Analysis Of The Book ' My Dungeon Shook ' By James Baldwin

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African Americans have been inferior to Whites for nearly 100 years. Moreover, experiencing the forefront of brutality, racism, and discrimination of this great nation. Baldwin, King, and Coates write informative letters addressing the lifestyle forced upon blacks, due to the misguided tradition. The authors express the benefits of the injudicious customs for Whites at the price of slavery, injustice, and violence towards Black Americans. Each letter argues that a person should not be discouraged or dismayed, but to have faith in the system because you too will live the American Dream. Baldwin, King, and Coates overflow their letters with hope, faith, and love to educate people when they’re in their darkest hour. “My Dungeon Shook” by…show more content…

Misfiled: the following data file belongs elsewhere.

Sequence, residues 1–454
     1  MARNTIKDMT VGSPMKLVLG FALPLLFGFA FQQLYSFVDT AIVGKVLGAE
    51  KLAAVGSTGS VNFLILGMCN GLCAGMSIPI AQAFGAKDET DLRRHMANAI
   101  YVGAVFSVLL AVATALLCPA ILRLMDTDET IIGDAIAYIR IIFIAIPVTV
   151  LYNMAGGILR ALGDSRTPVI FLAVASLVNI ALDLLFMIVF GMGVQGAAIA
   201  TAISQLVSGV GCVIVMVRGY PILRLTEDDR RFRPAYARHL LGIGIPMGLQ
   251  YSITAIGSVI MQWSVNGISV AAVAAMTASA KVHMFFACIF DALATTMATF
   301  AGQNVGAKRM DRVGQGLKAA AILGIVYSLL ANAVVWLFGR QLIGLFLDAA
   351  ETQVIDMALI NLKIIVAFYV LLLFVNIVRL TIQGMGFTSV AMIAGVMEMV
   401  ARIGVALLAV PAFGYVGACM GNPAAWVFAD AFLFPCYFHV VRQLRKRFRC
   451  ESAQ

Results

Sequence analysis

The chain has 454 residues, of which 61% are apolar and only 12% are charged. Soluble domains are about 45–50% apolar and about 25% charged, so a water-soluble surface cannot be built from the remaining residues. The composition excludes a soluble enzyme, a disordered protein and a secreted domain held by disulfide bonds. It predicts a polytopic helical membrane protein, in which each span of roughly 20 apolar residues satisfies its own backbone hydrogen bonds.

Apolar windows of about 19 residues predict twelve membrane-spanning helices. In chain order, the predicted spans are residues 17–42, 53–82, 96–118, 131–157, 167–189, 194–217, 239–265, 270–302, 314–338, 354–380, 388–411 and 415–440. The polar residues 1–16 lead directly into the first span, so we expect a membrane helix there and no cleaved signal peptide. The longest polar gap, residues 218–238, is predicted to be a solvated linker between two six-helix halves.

They may know their ways are wrong but refuse to acknowledge it because it goes against the tradition that’s been established. Baldwin states, “You must accept them and accept them with love; for these innocent people have no other hope, they are in effect still trapped in a history which they do not under; and until they understand it they cannot be released from it” (pp.2). Baldwin asserts not to transform oneself, rather remain humble and hopeful. The second letter, “Letter from Birmingham Jail”, Martin Luther King Jr. aim is civil disobedience, nonviolence, and the church. He believes it is the church responsibility to ensure equality and integrity for all mankind. He argues, “In spite of my shattered dreams of the past, I came to Birmingham with the hope that the white religion leadership of this community would see the justice of our causes and with deep moral concern serve as the channel through which our grievance could get to the power structure; I had hope that each of you would understand; But again I have been disappointed” (pp. 5). Kings assert that the main problem captivating society is injustice and segregation of Black Americans. Moreover, he states, “Injustice anywhere is a threat to justice everywhere; we are caught in an inescapable network of mutuality, tied in a single garment of destiny; whatever affects one directly affects all
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